| Joe Yonan |
WASHINGTON (WP-BLOOM) — Marcus Samuelsson has a global mind-set, for good reason: Born in Ethiopia, he was adopted in Sweden, trained to cook in Switzerland and Austria, and landed in New York, where he made a splash at the Swedish restaurant Aquavit and ultimately opened Red Rooster, his ode to the roots of American cuisine.
He hasn’t stopped at restaurants, taking his star quality to such shows as “Top Chef Masters” (which he won) and “Chopped” (which he judges), telling his life story in “Yes, Chef” and demystifying the recipes of Scandinavia, Africa and America in cookbooks.
His latest is “Marcus Off Duty: The Recipes I Cook at Home,” a celebration of the influences on the kitchen he keeps with his Ethiopian wife, Maya.
I talked with him for a programme at the Sixth and I Historic Synagogue in the District.
Edited excerpts of that conversation are as follows:
Q: How has your search for identity played into your career and your approach to food?
A: When I was growing up and becoming a chef, the only food that you were told that mattered was French. Pretty quickly you realise, “Well that’s a lie.”
I was committed to great, delicious food, but I also had questions and had nobody to talk to, basically. When I went to Singapore and I ate the street food, where you pay like US$3 for lunch, I’m like, “This food tastes better than the expensive restaurant over there.” But it’s not even recognised.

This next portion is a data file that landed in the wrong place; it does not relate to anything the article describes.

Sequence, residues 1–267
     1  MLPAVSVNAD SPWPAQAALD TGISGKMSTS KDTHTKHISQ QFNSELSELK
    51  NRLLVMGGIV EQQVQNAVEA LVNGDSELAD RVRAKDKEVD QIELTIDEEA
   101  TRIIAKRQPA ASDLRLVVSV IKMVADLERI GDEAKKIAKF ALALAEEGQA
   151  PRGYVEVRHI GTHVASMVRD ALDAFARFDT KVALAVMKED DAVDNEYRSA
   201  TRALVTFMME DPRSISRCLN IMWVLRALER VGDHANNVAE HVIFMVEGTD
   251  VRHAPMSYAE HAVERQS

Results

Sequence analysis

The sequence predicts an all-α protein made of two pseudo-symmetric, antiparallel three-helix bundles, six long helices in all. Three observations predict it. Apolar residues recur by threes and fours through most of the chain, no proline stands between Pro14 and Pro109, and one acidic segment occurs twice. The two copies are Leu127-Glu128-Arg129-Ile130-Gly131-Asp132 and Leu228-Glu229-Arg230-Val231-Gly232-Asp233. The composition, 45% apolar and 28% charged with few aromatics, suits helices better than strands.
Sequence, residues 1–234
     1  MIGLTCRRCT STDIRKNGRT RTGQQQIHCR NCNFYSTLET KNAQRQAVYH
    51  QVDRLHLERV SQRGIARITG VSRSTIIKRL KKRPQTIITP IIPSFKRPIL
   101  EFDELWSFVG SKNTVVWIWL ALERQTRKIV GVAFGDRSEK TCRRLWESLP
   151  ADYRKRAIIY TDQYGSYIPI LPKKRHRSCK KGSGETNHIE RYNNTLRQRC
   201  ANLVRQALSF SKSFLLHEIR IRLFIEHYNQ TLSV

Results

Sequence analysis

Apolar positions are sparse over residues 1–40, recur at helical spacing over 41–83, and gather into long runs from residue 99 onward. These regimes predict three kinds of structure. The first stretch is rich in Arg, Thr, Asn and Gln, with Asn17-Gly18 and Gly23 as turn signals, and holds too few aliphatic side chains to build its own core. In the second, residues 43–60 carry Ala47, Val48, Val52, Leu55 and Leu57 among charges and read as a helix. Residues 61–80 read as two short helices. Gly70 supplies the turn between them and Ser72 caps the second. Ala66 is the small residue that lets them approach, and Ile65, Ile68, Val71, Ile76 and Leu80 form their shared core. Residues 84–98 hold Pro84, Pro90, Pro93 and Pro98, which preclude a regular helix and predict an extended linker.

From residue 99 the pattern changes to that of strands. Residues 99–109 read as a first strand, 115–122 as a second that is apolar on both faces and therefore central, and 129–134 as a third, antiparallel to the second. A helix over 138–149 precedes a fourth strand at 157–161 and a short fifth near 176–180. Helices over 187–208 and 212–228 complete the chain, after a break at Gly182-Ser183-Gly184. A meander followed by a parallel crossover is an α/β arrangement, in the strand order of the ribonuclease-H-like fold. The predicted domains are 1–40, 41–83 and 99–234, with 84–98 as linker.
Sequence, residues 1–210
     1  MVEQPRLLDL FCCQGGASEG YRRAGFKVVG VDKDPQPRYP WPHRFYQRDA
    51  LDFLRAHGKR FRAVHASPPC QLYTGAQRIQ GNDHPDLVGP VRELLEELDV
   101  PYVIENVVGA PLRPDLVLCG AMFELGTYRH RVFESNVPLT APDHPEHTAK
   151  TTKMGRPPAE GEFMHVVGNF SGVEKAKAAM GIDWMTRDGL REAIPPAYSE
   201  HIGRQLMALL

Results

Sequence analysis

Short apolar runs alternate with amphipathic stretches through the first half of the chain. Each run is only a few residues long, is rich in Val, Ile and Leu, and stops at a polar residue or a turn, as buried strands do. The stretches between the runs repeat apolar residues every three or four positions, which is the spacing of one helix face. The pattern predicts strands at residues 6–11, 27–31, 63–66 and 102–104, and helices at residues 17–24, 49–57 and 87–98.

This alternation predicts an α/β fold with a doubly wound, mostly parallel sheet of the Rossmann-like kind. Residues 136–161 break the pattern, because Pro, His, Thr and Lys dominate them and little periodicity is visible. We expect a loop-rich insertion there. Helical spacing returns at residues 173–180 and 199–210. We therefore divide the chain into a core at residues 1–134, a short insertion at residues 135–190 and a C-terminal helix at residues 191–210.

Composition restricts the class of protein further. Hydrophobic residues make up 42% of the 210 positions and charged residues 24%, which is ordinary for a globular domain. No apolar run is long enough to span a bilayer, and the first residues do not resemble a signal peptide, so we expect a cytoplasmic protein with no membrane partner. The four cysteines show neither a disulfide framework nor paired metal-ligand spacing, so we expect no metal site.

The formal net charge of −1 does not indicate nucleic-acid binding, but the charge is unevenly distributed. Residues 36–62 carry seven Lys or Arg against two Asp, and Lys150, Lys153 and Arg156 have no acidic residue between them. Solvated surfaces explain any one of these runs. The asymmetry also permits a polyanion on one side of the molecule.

Then I started to study food. Guess what? Most food that is associated as coming from France came from Africa.
Q: Why did you want to write about your home cooking now?
A: America in 10 years will be more Latin flavored and more Asian-American than ever. This book is a bridge into that.
We’ve been ordering out that food, we’ve been going to restaurants with that food, but we have not started to cook that food, because we don’t have a vocabulary for it.
But it’s delicious, and it’s accessible, and you can order online and you can go to a deli to get those ingredients.
Using miso doesn’t mean you have to cook a Japanese meal, it could actually mean that you rub it on a fish and you grill it and serve it with grits. And it’s delicious.
Only in this country can you do that, and that’s fantastic.
Q: What are the keys to getting people to cook more?
A: I always ask, how many people have high-speed Internet? How many have a newer car than 1985? The majority of people here, right? That means we have more time.
But we don’t value the time to cook, we value it to do other stuff.
So it’s a value proposition to say, “This matters to us.”
If you ask me what show is cool on TV now, I don’t know because my value proposition is food, right?
So if you value watching football for six hours, I can’t argue with that, but maybe watch 45 minutes less and you could cook a little bit.
Recipe for Garam Masala Pumpkin Tart (12 servings) – makes one 10-inch tart
A state dinner for the prime minister of India inspired this tart.
Samuelsson has since updated the recipe, adding a touch of garam masala to the pie crust dough and turning the bits of extra baked dough into a delicious crumble topping.
You’ll need a 10-inch tart pan with a removable bottom.
Adapted from “Marcus Off Duty: The Recipes I Cook at Home,” with Roy Finamore (Houghton Mifflin Harcourt, 2014).